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Thursday, May 26, 2016
- If marijuana is legalised in the Mexican capital, as the local government proposes, this country would have to review its adherence to the three international drug control treaties, a trail already blazed by other nations.
The Mexico City Federal District city council and the leftwing government of Mayor Miguel Mancera announced that debates would begin in September on health, economic and security aspects of marijuana, popularly known here as “mota”, and medical use might by approved by the end of the year.
“Several countries have questioned the drug control treaties for health reasons,”
lawyer Fernando Gómez-Mont, former interior minister in the government of conservative president Felipe Calderón (2006-2012), told IPS. “This creates tension for the operation of the U.N. conventions,”
Under the General Health Law, amended in 2009, state governments have the authority to legislate on health issued related to illegal drugs. The law permits possession for personal use of five grams of marijuana, 500 milligrams of cocaine and 50 milligrams of heroin, but bans production, distribution and sale of these substances.
This country of 118 million people is a party to the Single Convention on Narcotic Drugs of 1961, the United Nations Convention Against Illicit Traffic in Narcotic Drugs and Psychotropic Substances of 1988 and the Convention on Psychotropic Substances of 1971.
“In Mexico, intermediate steps (on drug decriminalisation) may be taken without neighbouring countries necessarily having to follow suit. It is far more viable in the capital,” writer Jorge Castañeda, former foreign minister in the conservative government of Vicente Fox (2000-2006), told IPS.
“For example, in the United States some states have taken decisions of this kind,” said Castañeda, who has become a staunch advocate of decriminalisation.
Marijuana is the illegal drug that is most widely consumed in this country, followed by cocaine and inhalants, according to the 2011 National Addiction Survey published by the health ministry. Production of marijuana is concentrated in western and southern states.
Mexico is in urgent need of new approaches to illicit substances because of the humanitarian crisis unleashed by the repressive anti-drug strategy applied by Calderón throughout his presidency, which resulted in a high death toll and the spread of drug trafficking and drug use.
In 2012 there were 26,037 recorded homicides, a slight decline from the previous year, when there were 27,213. However, this remains one of the highest murder rates in Latin America, according to the National Institute of Statistics and Geography.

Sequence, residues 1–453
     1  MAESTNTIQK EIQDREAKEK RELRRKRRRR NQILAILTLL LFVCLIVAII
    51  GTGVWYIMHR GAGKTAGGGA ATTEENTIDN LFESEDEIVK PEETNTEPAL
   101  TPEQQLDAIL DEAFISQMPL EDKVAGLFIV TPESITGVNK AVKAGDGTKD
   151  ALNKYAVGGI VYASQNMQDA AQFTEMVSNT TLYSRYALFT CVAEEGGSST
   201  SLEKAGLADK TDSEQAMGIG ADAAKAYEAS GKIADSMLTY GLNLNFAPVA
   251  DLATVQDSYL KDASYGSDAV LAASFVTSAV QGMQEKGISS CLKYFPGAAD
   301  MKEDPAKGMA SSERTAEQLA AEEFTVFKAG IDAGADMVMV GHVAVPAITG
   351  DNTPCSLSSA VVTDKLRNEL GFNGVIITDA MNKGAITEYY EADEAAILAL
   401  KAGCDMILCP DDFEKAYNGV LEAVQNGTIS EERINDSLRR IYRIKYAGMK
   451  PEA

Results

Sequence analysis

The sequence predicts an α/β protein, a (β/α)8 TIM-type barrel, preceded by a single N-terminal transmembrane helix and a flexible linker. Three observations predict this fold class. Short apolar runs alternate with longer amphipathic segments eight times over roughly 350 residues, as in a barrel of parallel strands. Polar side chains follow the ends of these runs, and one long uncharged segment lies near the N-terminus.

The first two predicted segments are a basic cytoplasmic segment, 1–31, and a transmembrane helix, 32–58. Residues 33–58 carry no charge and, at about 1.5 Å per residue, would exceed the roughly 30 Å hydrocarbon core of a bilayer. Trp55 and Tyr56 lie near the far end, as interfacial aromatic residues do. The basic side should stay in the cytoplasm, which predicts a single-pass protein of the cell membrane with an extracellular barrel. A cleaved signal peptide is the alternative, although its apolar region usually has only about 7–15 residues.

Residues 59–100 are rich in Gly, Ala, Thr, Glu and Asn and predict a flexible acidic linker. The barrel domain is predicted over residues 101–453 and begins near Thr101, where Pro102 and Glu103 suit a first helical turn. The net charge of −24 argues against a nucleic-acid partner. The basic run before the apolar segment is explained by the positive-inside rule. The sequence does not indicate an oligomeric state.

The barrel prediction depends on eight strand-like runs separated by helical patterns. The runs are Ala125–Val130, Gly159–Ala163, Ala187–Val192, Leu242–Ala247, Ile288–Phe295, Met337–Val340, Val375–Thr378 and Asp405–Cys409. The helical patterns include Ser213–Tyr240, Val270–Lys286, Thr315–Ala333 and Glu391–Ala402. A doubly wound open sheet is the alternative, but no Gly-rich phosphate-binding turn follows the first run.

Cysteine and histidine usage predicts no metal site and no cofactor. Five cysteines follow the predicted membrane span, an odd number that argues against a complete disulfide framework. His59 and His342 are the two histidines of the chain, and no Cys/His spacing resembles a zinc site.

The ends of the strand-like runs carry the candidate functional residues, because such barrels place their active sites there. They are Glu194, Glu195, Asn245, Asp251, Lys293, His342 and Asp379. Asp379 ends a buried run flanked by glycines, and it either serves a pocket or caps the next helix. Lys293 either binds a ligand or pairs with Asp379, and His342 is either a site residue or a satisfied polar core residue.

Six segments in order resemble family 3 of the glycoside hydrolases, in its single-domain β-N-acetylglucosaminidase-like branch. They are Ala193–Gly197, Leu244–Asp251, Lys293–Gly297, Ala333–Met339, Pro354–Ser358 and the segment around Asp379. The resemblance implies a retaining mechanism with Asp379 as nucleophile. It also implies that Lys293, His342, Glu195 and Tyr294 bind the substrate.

President Enrique Peña Nieto has rejected decriminalisation as a means of combating drug trafficking and is in favour of what he calls “a security strategy based on intelligence” – not very different from the policy enforced by his predecessor.
But changes in the global vision of the fight against drugs that are still illegal, especially marijuana, are exerting pressure for a shift towards policies based on prevention rather than repression and law enforcement.
“We will be very responsible in this debate,” Manuel Granados, chair of the city council Governance Committee, told IPS.
“In Mexico City we agree on replacing criminal policies with health policies. We are ready to hold this debate and, at the right time, to legislate,” said the city council member, who belongs to the leftist Party of the Democratic Revolution (PRD) which governs the capital.
The Federal District of Mexico City has been in the vanguard of decriminalising abortion and legalising same-sex marriage.
In September, when city council sessions resume, a high-level meeting will be held with delegates from the United Nations and the Organisation of American States to discuss new approaches to drugs.
Since 2007, at least eight initiatives to decriminalise marijuana have been presented in Mexico’s Congress and in state parliaments, but none has even reached debate in a plenary session.
“We wish to propose a new approach to marijuana. It is possible to create a different kind of regulatory system. We want rights for users,” Jorge Hernández, the head of the Collective for a Comprehensive Policy toward Drugs (CUPIHD) and a co-author of the book “La mota. Compendio actualizado de la mariguana en México” (Mota: Current Compendium of Marijuana in Mexico), told IPS.
Hernández proposes creating cannabis clubs, like those in Spain, where the drug can be grown and consumed privately in a regulated manner and in accordance with international regulatory treaties.
“The state must take responsibility and provide enough information. There should be the same regulation as for alcohol and tobacco. It is time to review the law. The Federal District could be a good starting point,” said Gómez-Mont.
Mexico was the only Latin American country to object in January to Bolivia’s reservation of the right to traditional uses of coca leaf, such as the age-old custom of chewing the leaves. Bolivia won the concession, which allowed the Bolivian state to re-accede to the Single Convention on Narcotic Drugs.